So after creating a permanent part-time economy and driving up the cost of healthcare with Obamacare, this administration seeks to crush the average family with higher energy costs, which in turn, jack up the cost of most other vital goods and services.
In recent months, a slew of Republicans have introduced policy proposals attempting to appeal to middle class families. There is no better way to advocate reducing government than by promising to reduce the regulatory state. Along with repeal of Obamacare and opposing open borders (which hurts workers and taxpayers), the crushing burden of energy regulations must play prominent in any general election campaign.
On the surface, this is an issue for which all Republicans can unite and fight with a coherent message. After all, the Chamber of Commerce is actually on the right side of the issue. But there are two important observations that cannot be overlooked.
It’s easy for the Chamber and establishment Republicans to act outraged over the regulatory state when the EPA announces crushing regulations. But what these people fail to see is that they are responsible for growing government and interjecting it into every aspect of the economy – to the point that they now feel that can control entire industries, such as energy, healthcare, and financial services. People like Thad Cochran can’t have it both ways. They can’t embrace the federal hand that subsidizes private enterprise and then complain about the hand that regulates them into submission. It is years’ worth of bipartisan work from the Chamber and pay-for-play Republicans to expand the role of government that has allowed the bureaucracies to grow large and brazen enough to regulate anything that moves.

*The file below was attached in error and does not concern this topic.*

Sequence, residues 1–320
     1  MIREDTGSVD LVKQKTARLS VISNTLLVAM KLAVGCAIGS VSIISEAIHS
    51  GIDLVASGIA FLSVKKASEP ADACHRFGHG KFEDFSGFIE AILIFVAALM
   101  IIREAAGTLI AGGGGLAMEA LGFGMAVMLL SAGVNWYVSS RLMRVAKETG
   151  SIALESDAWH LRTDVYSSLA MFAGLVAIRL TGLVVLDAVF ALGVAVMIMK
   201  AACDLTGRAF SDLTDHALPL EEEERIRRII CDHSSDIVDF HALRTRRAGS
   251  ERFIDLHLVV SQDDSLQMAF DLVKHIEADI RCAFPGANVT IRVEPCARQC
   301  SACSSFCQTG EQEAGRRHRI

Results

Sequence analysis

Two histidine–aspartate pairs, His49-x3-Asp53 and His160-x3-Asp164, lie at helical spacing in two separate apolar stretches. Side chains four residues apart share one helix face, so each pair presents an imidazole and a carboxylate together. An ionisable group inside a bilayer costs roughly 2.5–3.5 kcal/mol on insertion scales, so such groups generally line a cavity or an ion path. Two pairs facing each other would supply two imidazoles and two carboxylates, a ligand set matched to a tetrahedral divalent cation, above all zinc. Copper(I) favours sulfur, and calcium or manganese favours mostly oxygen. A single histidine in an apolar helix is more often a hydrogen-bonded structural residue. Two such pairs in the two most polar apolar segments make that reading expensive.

The other point to consider is that although all establishment Republicans claim to be outraged over the latest Cap and Trade scheme, what are they going to do about it? Remember, even if Republicans win control of the Senate, it will not change the balance of power. They will not have control over the executive agencies, and Obama will be as truculent as ever in ruling by administrative fiat during the lame duck of his presidency. Republicans already have control of the purse-string in the House – the last recourse to check against abuse of executive power – yet they sabotaged our only attempt to use it.
At some point, Republicans need to look beyond the next election to solving the constitutional crisis that is upon us.
Wednesday, May 28th, 2014 and is filed under Blog, Debt, Economy
As the season of appropriations begins in earnest, Congress will take up the Commerce, Justice, and Science (CJS) appropriations bill. This bill (HR 4660), which funds the Departments of Commerce and Justice, as well as NASA and other related agencies, provides $51.202 billion in discretionary budget authority.
Obviously, from a conservative perspective, the entire Department of Commerce is a waste of money and should not exist. But at the very least, we should cut back on failed programs. Instead, this bill actually provides $3.8 billion in extra spending relative to last year’s House bill. The Heritage Foundation has already detailed $2.6 billion in additional spending cuts that should be included in the bill.
A number of conservative members will be offering amendments to cut spending. One of the most important amendments that has been proposed so far is Rep. Mike Pompeo’s (R-KS) amendment to abolish the Economic Development Administration (EDA). The EDA is a failed Great Society program that serves as a stimulus/pork slush fund for special interest communities under the guise of assistance to economically distressed areas of the country. It’s nothing more than a fund for corporate welfare and a way of picking winners and losers in the market. It has been as successful in creating jobs as Obama’s stimulus. Senator DeMint wrote a great piece on the EDA two years ago analyzing its history of failed promises.